Aussie slips towards 10-year low as US-China trade hopes ebb

The Australian dollar, often seen as a proxy bet on the Chinese economy, fell 0.31per cent to US$0.67095, about a third of a cent above its 10-year low of US$0.66775 hit on August 7. — Reuters pic
The Australian dollar, often seen as a proxy bet on the Chinese economy, fell 0.31per cent to US$0.67095, about a third of a cent above its 10-year low of US$0.66775 hit on August 7. — Reuters pic

TOKYO, Aug 30 — The Australian dollar slipped towards a 10-year trough while the yen hovered off its lows today, as renewed hope that China and the United States could get their negotiations back on track began to fade.

The US currency was also supported by investors’ month-end rebalancing needs, which has helped lift the dollar index to its highest level in a month.

The index is last up 0.1per cent at 98.555.

The Australian dollar, often seen as a proxy bet on the Chinese economy, fell 0.31per cent to US$0.67095 (RM2.83), about a third of a cent above its 10-year low of US$0.66775 hit on August 7.

Adding to the Aussie’s woes, the country’s building approvals unexpectedly plunged to a six-year low.

The New Zealand dollar dropped 0.30per cent to a four-year low of US$0.6290. It is the worst performing G10 currency this month with a fall of 4.1per cent.

The yen held flat at 106.49 per dollar, off this week’s low of 106.68 hit the previous day.

Risk assets got a mild lift yesterday after China’s commerce ministry said Beijing and Washington were discussing the next round of face-to-face talks in September, but the effect was short-lived.

Washington is due to start imposing 15per cent tariffs on US$125 billion worth of goods from China on Sunday, affecting a vast number of consumer items from smart speakers to sneakers.

Investors fear the intensifying trade dispute could lead the US economy into a recession, a scenario that has become more of a reality this week after the US bond yield curve inverted, a highly reliable indicator of a recession.

“The talking point is still the US yield curve inversion and whether the US economy heads into a recession...In short, the atmosphere is not so good,” said Bart Wakabayashi, Tokyo branch manager of State Street.

In addition, political risks from the UK to Hong Kong and the Middle East added to risks for the global economy and kept many investors on edge.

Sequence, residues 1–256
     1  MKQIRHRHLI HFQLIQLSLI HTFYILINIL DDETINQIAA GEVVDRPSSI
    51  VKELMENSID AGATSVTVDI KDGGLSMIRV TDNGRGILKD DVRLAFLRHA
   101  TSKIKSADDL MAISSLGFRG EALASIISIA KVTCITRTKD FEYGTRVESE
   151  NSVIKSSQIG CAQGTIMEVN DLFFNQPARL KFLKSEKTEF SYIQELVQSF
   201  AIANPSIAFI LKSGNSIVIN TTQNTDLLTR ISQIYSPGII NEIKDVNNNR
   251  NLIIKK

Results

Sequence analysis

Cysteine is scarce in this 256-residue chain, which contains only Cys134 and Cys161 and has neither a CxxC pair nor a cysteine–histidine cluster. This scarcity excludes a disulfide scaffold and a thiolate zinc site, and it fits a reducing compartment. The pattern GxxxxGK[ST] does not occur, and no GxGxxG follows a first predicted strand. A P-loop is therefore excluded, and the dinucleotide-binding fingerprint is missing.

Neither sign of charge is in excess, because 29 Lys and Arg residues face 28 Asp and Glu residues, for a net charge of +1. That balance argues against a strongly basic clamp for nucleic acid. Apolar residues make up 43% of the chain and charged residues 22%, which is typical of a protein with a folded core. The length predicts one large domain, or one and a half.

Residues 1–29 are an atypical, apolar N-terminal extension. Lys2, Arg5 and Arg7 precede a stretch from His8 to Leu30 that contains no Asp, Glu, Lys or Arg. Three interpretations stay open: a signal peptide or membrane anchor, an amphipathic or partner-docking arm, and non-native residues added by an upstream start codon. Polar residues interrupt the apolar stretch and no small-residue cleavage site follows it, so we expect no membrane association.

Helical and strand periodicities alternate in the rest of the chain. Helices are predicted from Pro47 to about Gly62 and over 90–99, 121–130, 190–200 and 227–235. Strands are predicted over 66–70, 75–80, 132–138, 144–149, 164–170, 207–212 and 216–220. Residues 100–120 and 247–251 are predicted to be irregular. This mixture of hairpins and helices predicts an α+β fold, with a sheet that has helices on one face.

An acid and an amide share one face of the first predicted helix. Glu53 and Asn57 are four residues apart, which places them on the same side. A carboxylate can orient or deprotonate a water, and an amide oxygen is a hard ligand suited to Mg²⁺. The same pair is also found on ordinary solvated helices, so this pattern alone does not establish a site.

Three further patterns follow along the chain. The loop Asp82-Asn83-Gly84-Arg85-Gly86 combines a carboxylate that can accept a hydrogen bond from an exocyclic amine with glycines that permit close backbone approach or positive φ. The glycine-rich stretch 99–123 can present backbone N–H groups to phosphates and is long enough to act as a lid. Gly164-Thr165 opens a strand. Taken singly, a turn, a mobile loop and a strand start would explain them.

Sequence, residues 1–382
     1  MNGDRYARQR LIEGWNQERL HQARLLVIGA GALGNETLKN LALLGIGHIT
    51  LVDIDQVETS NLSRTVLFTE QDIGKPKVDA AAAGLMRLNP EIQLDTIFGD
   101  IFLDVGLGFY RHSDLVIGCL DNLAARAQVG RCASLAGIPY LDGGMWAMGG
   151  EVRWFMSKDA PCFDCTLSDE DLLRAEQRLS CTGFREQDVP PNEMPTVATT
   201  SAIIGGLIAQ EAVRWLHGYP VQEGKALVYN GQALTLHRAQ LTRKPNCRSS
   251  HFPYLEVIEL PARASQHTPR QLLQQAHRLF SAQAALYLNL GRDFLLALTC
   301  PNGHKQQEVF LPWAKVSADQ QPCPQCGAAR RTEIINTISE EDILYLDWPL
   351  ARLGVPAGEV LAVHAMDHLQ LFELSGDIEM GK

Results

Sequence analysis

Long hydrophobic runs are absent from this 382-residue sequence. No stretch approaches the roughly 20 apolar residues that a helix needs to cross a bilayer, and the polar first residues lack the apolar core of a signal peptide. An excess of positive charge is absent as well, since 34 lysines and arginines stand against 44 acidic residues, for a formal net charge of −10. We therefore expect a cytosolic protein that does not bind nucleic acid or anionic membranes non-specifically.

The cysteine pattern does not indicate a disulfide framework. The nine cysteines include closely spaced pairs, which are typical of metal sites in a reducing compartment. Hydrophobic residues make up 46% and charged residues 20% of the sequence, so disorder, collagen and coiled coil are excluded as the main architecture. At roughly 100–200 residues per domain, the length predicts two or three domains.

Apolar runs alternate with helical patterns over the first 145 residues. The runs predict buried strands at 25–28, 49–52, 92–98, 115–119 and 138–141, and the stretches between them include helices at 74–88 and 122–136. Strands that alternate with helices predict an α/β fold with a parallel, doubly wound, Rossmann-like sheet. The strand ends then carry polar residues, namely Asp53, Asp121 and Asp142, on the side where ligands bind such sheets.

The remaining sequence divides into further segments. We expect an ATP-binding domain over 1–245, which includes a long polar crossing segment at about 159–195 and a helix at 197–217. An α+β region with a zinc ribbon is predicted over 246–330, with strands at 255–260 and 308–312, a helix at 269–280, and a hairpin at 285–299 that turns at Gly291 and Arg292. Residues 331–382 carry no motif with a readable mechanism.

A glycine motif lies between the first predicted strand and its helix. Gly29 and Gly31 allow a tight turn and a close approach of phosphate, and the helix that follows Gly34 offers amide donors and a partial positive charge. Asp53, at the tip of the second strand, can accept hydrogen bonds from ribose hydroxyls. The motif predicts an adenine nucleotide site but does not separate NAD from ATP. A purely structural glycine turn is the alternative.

Despite the dollar’s rebound against the yen this week, the Japanese currency is the best performer among major currencies this month, rising 2.2per cent so far.

The second best was the Swiss franc, which has gained 0.7per cent so far this month, to 0.9879 per dollar.

“There are so many geopolitical risk factors now. Not to mention US-China trade conflicts, we have Brexit, Hong Kong and the Middle East. So we should expect the yen to jump from time to time,” said Minori Uchida, chief currency analyst at MUFG Bank.

The euro eased 0.12per cent to US$1.1043, near a four-week low of US$1.1042 touched yesterday, hurt by a sluggish euro zone economy and likely monetary easing from the European Central Bank (ECB) next month.

Christine Lagarde, the ECB’s next president, said yesterday the central bank still has room to cut interest rates if needed, although this may pose financial stability risk.

German inflation slowed in August and unemployment rose, data showed yesterday, adding to signs that Europe’s largest economy is running out of steam and cementing expectations of a new ECB stimulus package next month.

Sterling traded at US$1.2183, on course to post its first weekly loss in three weeks on growing worries about a no-deal Brexit at the end of October.

British Prime Minister Boris Johnson suspended parliament for more than a month to dodge a possible no-confidence vote and take Britain out of the European Union on the October 31 deadline. — Reuters

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